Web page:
For non-salmon species, including steelhead, NMFS applies the joint U.S. Fish and Wildlife Service-NMFS DPS policy (61 FR 4722) in identifying the appropriate taxonomic unit for listing consideration. Under this policy, a DPS must be discrete from other conspecific populations, and it must be significant to its taxon. A group of organisms is discrete if it is “markedly separated from other populations of the same taxon as a consequence of physical, physiological, ecological, and behavioral factors.” Under the DPS Policy, if a population group is determined to be discrete, the agency must then consider whether it is significant to the taxon to which it belongs. Considerations in evaluating the significance of a discrete population include: (1) Persistence of the discrete population in an unusual or unique ecological setting for the taxon; (2) evidence that the loss of the discrete population segment would cause a significant gap in the taxon's range; (3) evidence that the discrete population segment represents the only surviving natural occurrence of a taxon that may be more abundant elsewhere outside its historical geographic range; or (4) evidence that the discrete population has marked genetic differences from other populations of the species.

On June 28, 2005, we announced a final policy addressing the role of artificially propagated (hatchery produced) Pacific salmon and steelhead in listing determinations under the ESA (70 FR 37204). Specifically, this policy: (1) Establishes criteria for including hatchery stocks in ESUs and DPSs; (2) provides direction for considering hatchery fish in extinction risk assessments of ESUs and DPSs; (3) requires that hatchery fish determined to be part of an ESU will be included in any listing of the ESU; (4) affirms NMFS' commitment to conserving natural salmon and steelhead populations and the ecosystems upon which they depend; and (5) affirms NMFS' commitment to fulfilling trust and treaty obligations with regard to the harvest of some Pacific salmon and steelhead populations, consistent with the conservation and recovery of listed salmon and steelhead ESUs.

Public Solicitation of New Information

The 5-year reviews will consider the best scientific and commercial data available, particularly new information that has become available since the species' previous status review. Our Northwest and Southwest Fisheries Science Centers will assist the West Coast Region in gathering and analyzing this information. To ensure that the 5-year reviews are complete and based on the best available information, we are soliciting new information from the public, concerned governmental agencies, tribes, the scientific community, industry, environmental entities, and any other interested parties concerning the status of the salmon ESUs as well as the steelhead, rockfish, and eulachon DPSs listed above.

Specifically, we request new information that has become available since the respective species' previous status review on: (1) Population abundance; (2) population productivity; (3) changes in species distribution or population spatial structure; (4) genetics or other indicators of diversity; (5) changes in habitat conditions and associated limiting factors and threats; (6) conservation measures that have been implemented that benefit the species, including monitoring data demonstrating the effectiveness of such measures in addressing identified limiting factors or threats; (7) data concerning the status and trends of identified limiting factors or threats; (8) information that may affect determinations regarding the composition of an ESU or DPS; (9) for Pacific salmon and steelhead, information on changes to hatchery programs that may affect determinations regarding their ESU or DPS membership; (10) information on targeted harvest (commercial, tribal, and recreational) and bycatch of the species; and (11) other new information, data, or corrections including, but not limited to, taxonomic or nomenclatural changes, identification of erroneous information in the previous listing determination, and improved analytical methods for evaluating extinction risk. Previous status reviews and supporting information are available on the internet at:​publications/​status_​reviews/​salmon_​steelhead/​2011_​status_​reviews_​of_​listed_​salmon_​steelhead.html.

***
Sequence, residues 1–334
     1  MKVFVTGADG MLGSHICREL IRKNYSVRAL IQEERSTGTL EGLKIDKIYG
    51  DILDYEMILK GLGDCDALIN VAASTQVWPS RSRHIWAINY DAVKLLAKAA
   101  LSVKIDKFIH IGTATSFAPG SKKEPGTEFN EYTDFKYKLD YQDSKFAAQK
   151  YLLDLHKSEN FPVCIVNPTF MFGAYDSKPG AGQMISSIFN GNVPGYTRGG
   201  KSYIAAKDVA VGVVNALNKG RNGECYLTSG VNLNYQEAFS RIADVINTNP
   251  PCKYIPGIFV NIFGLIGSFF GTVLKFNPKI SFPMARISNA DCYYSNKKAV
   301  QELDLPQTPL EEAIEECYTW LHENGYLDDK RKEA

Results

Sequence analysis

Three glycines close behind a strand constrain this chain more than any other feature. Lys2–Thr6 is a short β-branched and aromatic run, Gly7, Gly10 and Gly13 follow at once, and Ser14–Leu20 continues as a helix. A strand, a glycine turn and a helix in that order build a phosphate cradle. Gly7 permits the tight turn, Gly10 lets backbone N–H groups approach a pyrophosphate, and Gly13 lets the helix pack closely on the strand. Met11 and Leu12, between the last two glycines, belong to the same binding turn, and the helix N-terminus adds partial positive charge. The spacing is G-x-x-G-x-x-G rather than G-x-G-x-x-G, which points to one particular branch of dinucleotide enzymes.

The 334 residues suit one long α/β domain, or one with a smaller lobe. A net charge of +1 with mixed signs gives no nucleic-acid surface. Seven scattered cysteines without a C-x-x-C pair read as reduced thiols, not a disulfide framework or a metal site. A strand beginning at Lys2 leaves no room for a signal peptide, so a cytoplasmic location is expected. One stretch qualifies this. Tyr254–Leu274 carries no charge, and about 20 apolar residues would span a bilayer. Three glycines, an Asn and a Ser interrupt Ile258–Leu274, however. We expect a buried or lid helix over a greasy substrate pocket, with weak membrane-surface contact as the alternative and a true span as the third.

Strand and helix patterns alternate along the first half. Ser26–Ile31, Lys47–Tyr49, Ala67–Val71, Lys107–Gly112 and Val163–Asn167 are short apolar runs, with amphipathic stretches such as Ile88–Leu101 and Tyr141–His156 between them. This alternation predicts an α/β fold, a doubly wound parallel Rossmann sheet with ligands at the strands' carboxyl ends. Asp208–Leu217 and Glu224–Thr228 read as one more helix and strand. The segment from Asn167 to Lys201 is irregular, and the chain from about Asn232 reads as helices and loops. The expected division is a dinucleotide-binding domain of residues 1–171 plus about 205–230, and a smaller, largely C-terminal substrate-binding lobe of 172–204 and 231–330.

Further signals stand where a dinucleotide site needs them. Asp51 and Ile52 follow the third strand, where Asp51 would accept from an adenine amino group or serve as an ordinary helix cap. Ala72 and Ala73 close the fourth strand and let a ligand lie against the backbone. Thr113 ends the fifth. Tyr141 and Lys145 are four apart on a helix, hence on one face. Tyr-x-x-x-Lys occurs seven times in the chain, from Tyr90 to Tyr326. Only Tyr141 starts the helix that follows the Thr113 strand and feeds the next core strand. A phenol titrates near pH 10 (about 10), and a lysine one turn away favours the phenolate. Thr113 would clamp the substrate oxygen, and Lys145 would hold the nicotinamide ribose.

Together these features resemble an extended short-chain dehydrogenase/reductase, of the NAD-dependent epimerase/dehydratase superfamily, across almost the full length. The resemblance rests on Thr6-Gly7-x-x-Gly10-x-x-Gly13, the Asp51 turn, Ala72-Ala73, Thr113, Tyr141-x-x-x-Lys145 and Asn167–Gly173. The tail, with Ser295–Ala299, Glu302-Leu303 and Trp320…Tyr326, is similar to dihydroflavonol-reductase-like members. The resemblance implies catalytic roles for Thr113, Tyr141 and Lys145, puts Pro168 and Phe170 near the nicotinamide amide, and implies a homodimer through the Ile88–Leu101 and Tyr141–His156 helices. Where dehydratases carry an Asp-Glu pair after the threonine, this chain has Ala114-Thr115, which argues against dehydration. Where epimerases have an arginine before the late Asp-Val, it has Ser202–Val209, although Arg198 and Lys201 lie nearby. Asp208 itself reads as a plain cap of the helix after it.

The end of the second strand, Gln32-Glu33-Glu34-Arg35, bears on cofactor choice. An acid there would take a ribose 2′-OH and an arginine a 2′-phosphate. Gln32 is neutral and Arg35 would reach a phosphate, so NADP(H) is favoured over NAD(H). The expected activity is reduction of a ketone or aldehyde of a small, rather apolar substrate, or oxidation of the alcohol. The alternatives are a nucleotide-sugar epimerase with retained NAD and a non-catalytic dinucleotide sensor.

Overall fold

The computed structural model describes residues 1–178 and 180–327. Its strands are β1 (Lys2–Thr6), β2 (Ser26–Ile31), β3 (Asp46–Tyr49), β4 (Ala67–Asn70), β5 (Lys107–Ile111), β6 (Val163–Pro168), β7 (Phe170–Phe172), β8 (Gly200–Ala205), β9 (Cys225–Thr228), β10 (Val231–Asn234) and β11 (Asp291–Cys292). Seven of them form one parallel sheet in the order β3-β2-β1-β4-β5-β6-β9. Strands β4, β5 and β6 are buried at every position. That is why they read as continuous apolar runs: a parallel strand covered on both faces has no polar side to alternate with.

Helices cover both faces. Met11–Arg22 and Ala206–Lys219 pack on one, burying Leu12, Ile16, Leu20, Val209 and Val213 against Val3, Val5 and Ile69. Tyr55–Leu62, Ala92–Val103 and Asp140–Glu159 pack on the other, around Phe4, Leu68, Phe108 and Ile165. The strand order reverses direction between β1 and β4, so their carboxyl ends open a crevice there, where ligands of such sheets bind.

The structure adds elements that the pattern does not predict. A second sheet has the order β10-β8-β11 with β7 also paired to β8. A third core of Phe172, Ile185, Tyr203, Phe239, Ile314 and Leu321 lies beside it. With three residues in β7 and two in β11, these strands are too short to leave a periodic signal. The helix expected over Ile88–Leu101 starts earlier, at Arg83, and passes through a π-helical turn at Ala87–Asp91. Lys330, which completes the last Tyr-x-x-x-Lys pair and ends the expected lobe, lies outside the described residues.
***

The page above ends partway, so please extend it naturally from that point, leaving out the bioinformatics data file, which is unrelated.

With respect to Puget Sound/Strait of Georgia DPSs of yelloweye, canary, and bocaccio rockfish we also request any new information concerning: Species' spatial distribution and habitat associations of larval, young of the year, and adult fish in the nearshore and deep waters; the effectiveness of regulations to protect and restore rockfish habitats; genetics; effects of contaminants on species productivity, growth, or survival; effects of climate change and ocean acidification on these rockfish species; catch or bycatch of these species in specific fisheries, including information on the ability of anglers to properly identify rockfish by species; the effectiveness of fisheries management in reducing impacts on these rockfish species; efforts to remove and prevent derelict fishing gear; enumeration of bycatch by derelict Start Printed Page 6697fishing gear; and the use and effectiveness of devices designed to reduce the effects of barotrauma in rockfish bycatch.

With respect to the southern DPS of eulachon, we also request any new information concerning: Species' spatial distribution and abundance in freshwater and marine environments; genetics; the effects of natural climate variability and anthropogenically forced climate change on eulachon and their freshwater and marine habitat; the effects of ocean acidification on eulachon; eulachon bycatch in the ocean shrimp fisheries; predation on eulachon; and the effects of dams and large-scale water control structures on estuary-plume environments and eulachon.

If you wish to provide information for these 5-year reviews, see ADDRESSES for instructions. We request that all information be accompanied by: (1) Supporting documentation such as maps, bibliographic references, or reprints of pertinent publications. We also would appreciate the submitter's name, address, and any association, institution, or business that the person represents; however, anonymous submissions will also be accepted.

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Authority: 16 U.S.C. 1531 et seq.

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Dated: February 2, 2015.

Angela Somma,

Chief, Endangered Species Division, Office of Protected Resources, National Marine Fisheries Service.

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[FR Doc. 2015-02337 Filed 2-5-15; 8:45 am]